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I don't understand where any backstabbing or Microsoft come into this, please refrain from inventing titles for extenal articles.

Sorry.

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No the backstabbing part was them thanking Microsoft for being one of the major sponsors of their conference, to then go on to say that they'll abandon Windows, but I guess it is an exaggeration.

Microsoft also invests in the open source world too, have done that for years. They've even contributed a fair bit to the kernel, was even in the top 20 contributor list for a while. That said, you're right with your previous post, HP hasn't exactly been pushing the boundaries either with their offerings, getting fairly stale versus what others have been doing.

 

Besides, don't forget that they still sell Windows 7 devices. Once that reaches EOL we'll see just how popular Microsoft's Metro interface really is.

Good thing it takes all of 3 seconds to customize it so it doesn't bother you again. ;)
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Microsoft also invests in the open source world too, have done that for years. They've even contributed a fair bit to the kernel, was even in the top 20 contributor list for a while. That said, you're right with your previous post, HP hasn't exactly been pushing the boundaries either with their offerings, getting fairly stale versus what others have been doing.

While I do agree Microsoft doesn't hate open source or Linux, it's just I think that Microsoft would rather have OEMs use computers with Windows.

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While I do agree Microsoft doesn't hate open source or Linux, it's just I think that Microsoft would rather have OEMs use computers with Windows.

Sure, no argument there, but this new system sounds experimental at best for at least a few years, if it even ever gets sold to the public at all, and if it's a supercomputer sort of setup, it's not really their thing anyway. They have Windows HPC sure, but it's not exactly a high priority for them, not their target market. On the flip side, I'm surprised they haven't gone and made their own distro yet though, they've sold Unix in the past, do something along the lines of SUSE Enterprise or RHEL and tie in their own services with it along with support. Server oriented stuff obviously, not desktop, they've already cornered that market.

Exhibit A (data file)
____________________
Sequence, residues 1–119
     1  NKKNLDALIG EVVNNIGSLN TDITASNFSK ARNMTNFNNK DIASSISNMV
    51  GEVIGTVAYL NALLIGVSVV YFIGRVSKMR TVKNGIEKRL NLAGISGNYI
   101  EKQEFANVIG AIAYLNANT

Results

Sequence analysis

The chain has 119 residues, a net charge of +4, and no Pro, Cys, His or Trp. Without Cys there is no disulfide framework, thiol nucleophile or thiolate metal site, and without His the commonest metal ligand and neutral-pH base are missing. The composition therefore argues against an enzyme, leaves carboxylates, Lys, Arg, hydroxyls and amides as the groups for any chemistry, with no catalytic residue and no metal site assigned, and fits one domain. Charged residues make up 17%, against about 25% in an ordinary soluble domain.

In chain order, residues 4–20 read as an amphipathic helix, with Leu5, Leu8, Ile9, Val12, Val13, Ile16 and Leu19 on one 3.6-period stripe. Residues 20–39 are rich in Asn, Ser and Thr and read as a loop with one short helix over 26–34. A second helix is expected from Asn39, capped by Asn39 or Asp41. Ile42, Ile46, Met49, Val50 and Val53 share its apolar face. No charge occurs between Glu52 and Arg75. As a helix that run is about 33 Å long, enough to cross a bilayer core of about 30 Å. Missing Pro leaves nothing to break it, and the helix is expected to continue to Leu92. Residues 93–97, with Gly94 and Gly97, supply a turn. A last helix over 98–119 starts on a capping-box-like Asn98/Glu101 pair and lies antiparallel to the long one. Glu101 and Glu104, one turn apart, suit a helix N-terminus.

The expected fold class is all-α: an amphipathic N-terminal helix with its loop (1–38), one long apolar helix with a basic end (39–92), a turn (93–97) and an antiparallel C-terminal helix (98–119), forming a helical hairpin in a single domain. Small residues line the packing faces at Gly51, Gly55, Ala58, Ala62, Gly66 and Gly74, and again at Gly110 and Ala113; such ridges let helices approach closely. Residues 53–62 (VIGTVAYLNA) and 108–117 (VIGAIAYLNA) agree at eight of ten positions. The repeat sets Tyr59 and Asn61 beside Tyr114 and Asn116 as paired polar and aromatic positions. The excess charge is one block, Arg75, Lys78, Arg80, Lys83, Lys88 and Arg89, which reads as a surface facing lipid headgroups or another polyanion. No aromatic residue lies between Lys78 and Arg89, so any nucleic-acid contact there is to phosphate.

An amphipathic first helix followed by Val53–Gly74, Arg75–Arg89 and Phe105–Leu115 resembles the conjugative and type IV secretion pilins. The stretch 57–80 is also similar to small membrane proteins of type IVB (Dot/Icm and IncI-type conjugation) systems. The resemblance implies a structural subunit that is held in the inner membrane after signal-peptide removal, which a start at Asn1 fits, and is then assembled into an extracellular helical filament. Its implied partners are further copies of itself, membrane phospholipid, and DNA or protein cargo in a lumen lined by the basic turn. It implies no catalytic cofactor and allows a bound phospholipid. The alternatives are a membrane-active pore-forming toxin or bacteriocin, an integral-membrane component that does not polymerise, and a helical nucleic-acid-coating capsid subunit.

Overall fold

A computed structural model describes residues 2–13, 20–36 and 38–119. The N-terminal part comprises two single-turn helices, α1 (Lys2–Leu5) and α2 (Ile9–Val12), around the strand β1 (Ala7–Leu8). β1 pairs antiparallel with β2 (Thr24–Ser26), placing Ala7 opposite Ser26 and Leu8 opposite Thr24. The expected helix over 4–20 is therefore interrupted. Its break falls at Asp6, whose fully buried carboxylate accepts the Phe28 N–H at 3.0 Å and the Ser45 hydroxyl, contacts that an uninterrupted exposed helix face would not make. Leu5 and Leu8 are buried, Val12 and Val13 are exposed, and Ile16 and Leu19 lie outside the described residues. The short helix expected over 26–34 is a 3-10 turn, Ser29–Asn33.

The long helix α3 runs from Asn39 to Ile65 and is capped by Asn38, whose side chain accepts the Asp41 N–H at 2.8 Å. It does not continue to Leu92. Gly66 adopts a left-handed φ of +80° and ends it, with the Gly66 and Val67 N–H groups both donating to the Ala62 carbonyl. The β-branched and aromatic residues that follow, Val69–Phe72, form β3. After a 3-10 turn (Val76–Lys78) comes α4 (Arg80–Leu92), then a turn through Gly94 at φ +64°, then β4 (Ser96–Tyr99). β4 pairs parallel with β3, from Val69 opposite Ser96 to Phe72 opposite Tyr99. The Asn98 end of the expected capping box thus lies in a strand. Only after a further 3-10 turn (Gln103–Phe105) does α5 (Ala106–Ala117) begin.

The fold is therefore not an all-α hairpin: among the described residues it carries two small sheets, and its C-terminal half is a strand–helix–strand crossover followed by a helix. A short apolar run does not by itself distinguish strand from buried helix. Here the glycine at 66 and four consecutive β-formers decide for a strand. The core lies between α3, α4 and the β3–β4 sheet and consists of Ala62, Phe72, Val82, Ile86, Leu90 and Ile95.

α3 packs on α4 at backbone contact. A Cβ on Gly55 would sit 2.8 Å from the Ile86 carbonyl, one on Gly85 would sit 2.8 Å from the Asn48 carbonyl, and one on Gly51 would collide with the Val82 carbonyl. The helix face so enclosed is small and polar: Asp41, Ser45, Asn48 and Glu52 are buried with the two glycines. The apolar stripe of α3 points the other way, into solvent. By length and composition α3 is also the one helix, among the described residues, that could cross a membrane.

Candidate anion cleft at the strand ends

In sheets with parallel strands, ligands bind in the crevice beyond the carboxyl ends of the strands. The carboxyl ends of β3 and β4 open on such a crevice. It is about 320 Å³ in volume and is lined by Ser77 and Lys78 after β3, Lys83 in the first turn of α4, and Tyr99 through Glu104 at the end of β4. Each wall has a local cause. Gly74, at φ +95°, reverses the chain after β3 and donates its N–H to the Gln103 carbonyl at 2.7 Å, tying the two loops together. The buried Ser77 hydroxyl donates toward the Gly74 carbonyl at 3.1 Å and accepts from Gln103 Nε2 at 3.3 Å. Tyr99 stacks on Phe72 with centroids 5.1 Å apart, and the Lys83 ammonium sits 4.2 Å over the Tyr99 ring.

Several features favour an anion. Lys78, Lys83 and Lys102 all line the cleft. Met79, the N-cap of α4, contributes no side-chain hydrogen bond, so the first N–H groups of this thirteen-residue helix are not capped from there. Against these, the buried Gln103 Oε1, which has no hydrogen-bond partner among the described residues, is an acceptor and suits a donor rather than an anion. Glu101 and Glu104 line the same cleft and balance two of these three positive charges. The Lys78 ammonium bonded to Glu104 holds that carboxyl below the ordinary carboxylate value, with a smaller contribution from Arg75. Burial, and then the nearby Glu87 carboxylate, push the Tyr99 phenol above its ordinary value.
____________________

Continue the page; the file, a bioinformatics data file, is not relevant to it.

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Sure, no argument there, but this new system sounds experimental at best for at least a few years, if it even ever gets sold to the public at all, and if it's a supercomputer sort of setup, it's not really their thing anyway. They have Windows HPC sure, but it's not exactly a high priority for them, not their target market. On the flip side, I'm surprised they haven't gone and made their own distro yet though, they've sold Unix in the past, do something along the lines of SUSE Enterprise or RHEL and tie in their own services with it along with support.

Yeah it's not even part of the actual companies plans, it's an HP Labs projects. It'll probably be forgotten like the hundreds of innovative Microsoft Research projects that have been announced before, and I don't really see a need for this kind of data density for consumers.

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I have no idea what I just read but if they expect to sell it I hope they find some better words as the memristor, silicon photonic computer just doesn't roll off the tongue.

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Microsoft also invests in the open source world too, have done that for years. They've even contributed a fair bit to the kernel, was even in the top 20 contributor list for a while.